# Find second largest number from an array in Ruby

I have an array `a = [3,6,774,24,56,2,64,56,34]`. I need to find the second largest number in a single iteration using Ruby. How do I achieve it?

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Simple:

``````array.sort[-2]
``````

And you're done :)

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That's not a single iteration :) –  Jan Dec 17 '11 at 11:36
The values in the array are dynamically filled. So we are not aware about the values in the array. In that case, how will we iterate and find the 2nd largest value –  rubyist Dec 17 '11 at 11:38
If you don't know what kind of object is in there and it can not be sorted, there is no way to know what is the largest value. Your object has to define some kind of order and the best solution for this is to implement the <=> method and include the Comparable module. –  Maurício Linhares Dec 17 '11 at 11:41
I don't understand that the array "is dynamically filled". This is not the most space-efficient solution, but unless the OP says that the input array is enormous and the intermediate array creation must be avoided at all cost, it's the way to go. –  tokland Dec 17 '11 at 13:11

`sort` is probably overkill here, especially for really large arrays. Don't quite understand "single iteration", one line you mean?

``````a = [3,6,774,24,56,2,64,56,34]
b = a.shift(2).sort
c =
a.inject(b) do |(m2, m), e|
case
when e > m
[m, e]
when e > m2
[e, m]
else
[m2, m]
end
end
c.first #=> 64
``````
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I guess that the OP meant O(n). –  Jan Dec 17 '11 at 14:56
I am just learning ruby. So what values does this m2, m and e contains.?? I understand from the tutorials that the e would contain the values of each element of the array.. but (m2,m) is little confusing.. –  rubyist Dec 17 '11 at 16:07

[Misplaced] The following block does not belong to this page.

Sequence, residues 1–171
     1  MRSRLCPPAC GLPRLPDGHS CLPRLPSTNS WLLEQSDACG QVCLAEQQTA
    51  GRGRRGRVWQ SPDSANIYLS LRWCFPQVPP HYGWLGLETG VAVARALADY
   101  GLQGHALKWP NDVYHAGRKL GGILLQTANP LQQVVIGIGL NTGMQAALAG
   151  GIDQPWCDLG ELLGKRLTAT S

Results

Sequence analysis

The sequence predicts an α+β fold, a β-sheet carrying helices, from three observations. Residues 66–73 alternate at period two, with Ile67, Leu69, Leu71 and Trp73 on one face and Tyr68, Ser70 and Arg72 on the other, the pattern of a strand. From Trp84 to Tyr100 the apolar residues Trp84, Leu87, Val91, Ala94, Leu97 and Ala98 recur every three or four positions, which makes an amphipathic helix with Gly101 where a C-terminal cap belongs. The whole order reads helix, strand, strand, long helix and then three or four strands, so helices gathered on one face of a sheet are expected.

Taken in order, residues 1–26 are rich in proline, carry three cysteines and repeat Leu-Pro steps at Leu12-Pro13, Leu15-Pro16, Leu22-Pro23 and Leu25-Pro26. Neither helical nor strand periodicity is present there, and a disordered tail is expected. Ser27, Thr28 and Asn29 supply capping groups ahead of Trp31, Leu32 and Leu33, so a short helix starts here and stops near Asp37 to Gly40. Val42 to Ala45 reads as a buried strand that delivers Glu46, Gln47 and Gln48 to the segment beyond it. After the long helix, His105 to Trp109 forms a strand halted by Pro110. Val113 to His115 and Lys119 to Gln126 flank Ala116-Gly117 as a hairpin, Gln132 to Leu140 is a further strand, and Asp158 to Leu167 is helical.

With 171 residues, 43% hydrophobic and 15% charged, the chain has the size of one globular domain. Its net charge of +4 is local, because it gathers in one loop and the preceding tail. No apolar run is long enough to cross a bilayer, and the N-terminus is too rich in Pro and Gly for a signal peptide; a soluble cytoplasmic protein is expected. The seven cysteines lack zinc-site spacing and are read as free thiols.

It is called destructuring, if you pass `[a, b], c` to a block `do |(x, y), z| ... end` then `a -> x, b -> y, c -> z`. `b` in my code is a two element array like `[a, b]` here (and I return two element array as a result of the block too, so it will go to memo on the next step). –  Victor Moroz Dec 17 '11 at 16:31
this is indeed O(n), but Victor, what would be really interesting is a generic "take the Nth largest"-abstraction :-) –  tokland Dec 17 '11 at 17:39
@tokland I believe generic is `sort`, but I would not use `sort` to find max value (or second max value) just because it's generic. –  Victor Moroz Dec 17 '11 at 19:52

Just for fun, this method gets the Nth greatest value in a enumerable (you'd use a bisect module to make the insertion into `acc` more efficient). As pointed out by @Victor, you would only use it when the length of the array is much bigger than n, othersize a simple `array.sort[-n]` is faster.

``````module Enumerable
def max_nth(n)
inject([]) do |acc, x|
(acc + [x]).sort[[acc.size-(n-1), 0].max..-1]
end.first
end
end

p [1, 5, 2, 32, 2, 41, 15, 55].max_nth(2) #=> 41
``````
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I had this idea too, but there is a wrinkle here. When n << array size it may work well, but in other cases `sort` does it better. So when you say "generic" it is a bit misleading. –  Victor Moroz Dec 18 '11 at 0:32
@Victor. Indeed, that's better suited for n << array_size. But I guess than in practical situations that's the case. Anyway, it's less code than using conditionals. –  tokland Dec 18 '11 at 9:35